Reading is located about 90 minutes west of Philadelphia but it feels more like the vast central part of the state that Obama famously and not incorrectly said clings to their guns and religion. The Reverb is a cavernous warehouse space with all the charm of a parking garage. The most adventurous beer choice is LandShark Lager. It felt like a trip back in time, especially as they pumped out vintage Pantera, White Zombie and Alice in Chains in between bands.

This isn’t meant to be disrespectful. On the contrary, the sound was solid for all of the bands and the Wednesday crowd was enthusiastic, all you can ever ask for.

It’s a toss-up as to what is more surprising: that a supergroup featuring members from the likes of God Forbid, Nevermore, and the late Warrel Dane’s solo project would be unsigned, or that, without the benefit of label support, Ghost Ship Octavius would land a national tour. The group does a nice job of showcasing terrific technical ecstasy, especially from the interplay between guitarists Matt Wicklund and Adon Fanion. Fortunately, they never forget that the most important part of power metal is the power.

Aeternam also self-released their last album, last year’s Ruins of Empires, after teaming up with Metal Blade and Galy Records for previous releases. It must be a sign of the times (more accurately, unsigned of the times). There is a mystical undercurrent of exotic rhythms that runs through most of the Quebecois band’s material, augmented by a healthy amount of prerecorded synths and backing vocals -- while soundchecking, some of it blasted out of the PA without accompaniment and, no kidding, it sounded like Depeche Mode! Fortunately, once it was layered underneath the live performance, it made what otherwise could be well-played groove-laden lunk metal more dynamic and accentuated the prog elements.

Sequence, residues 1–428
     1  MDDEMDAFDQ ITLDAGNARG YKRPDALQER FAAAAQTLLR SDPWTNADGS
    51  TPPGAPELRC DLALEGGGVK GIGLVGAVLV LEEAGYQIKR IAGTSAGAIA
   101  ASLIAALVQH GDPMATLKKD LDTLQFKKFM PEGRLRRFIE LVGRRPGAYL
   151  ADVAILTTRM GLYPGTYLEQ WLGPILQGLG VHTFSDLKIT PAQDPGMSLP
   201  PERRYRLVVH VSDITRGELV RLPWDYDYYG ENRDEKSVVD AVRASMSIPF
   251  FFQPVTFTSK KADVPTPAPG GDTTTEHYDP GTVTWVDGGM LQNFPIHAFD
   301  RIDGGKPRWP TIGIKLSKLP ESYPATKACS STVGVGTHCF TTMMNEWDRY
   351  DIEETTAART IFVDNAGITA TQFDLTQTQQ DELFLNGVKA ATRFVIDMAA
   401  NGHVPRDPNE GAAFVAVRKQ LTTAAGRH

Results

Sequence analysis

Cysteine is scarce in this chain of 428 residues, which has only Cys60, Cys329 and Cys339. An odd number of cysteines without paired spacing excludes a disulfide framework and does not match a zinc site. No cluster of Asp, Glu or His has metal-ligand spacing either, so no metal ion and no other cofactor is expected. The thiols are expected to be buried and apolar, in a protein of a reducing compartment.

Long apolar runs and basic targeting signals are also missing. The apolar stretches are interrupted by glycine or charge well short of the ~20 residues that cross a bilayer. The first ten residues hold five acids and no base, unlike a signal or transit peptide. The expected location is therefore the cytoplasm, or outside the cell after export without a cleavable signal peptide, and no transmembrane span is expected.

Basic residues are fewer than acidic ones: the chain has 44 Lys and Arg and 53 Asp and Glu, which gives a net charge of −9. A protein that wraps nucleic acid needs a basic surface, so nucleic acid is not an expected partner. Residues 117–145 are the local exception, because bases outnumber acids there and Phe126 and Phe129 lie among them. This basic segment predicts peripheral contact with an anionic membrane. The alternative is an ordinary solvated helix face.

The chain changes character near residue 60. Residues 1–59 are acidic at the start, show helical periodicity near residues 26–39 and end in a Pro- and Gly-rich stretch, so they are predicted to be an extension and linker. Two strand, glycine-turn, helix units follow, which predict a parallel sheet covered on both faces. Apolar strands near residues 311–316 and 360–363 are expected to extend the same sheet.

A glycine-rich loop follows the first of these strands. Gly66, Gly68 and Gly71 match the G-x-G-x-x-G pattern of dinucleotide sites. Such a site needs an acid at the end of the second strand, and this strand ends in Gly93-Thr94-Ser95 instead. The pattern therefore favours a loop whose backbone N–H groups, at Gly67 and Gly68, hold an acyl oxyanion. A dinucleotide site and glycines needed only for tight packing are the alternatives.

It felt like a soccer match, seeing a fan at the front of the stage waving a small Israeli flag. To be sure, Orphaned Land came a long way to be here. The crowd -- even those without patriotic props -- appreciated a band that sounded like, as vocalist Kobi Farhi said from the stage, “Vikings riding on camels.”

He sounds a little like Serj Tankian from System of a Down, as both prefer powerful vibratos set to heavy guitars. Armenia and Israel are 850 miles apart, but even with different accents, the passion is still palpable. The addition of Middle Eastern textures to epic metal works even better in a live setting than on the many albums the band have released over nearly a quarter century.

Political pontification was limited to the short introduction of their closing song, one where they totally misread the room. “If you think it’s bad with Trump, you should see where we’re from,” he said, unaware that Berks County went for Trump by ten points and is the kind of place reporters go to see what Trump supporters are up to. In this case, they kind of shrugged.

Otherwise, Orphaned Land stuck to letting their folk-infused metal do the talking and it said loudly and clearly, give peace a chance. Maybe it’s an overly simplistic take on a complicated problem, but it beats the alternative.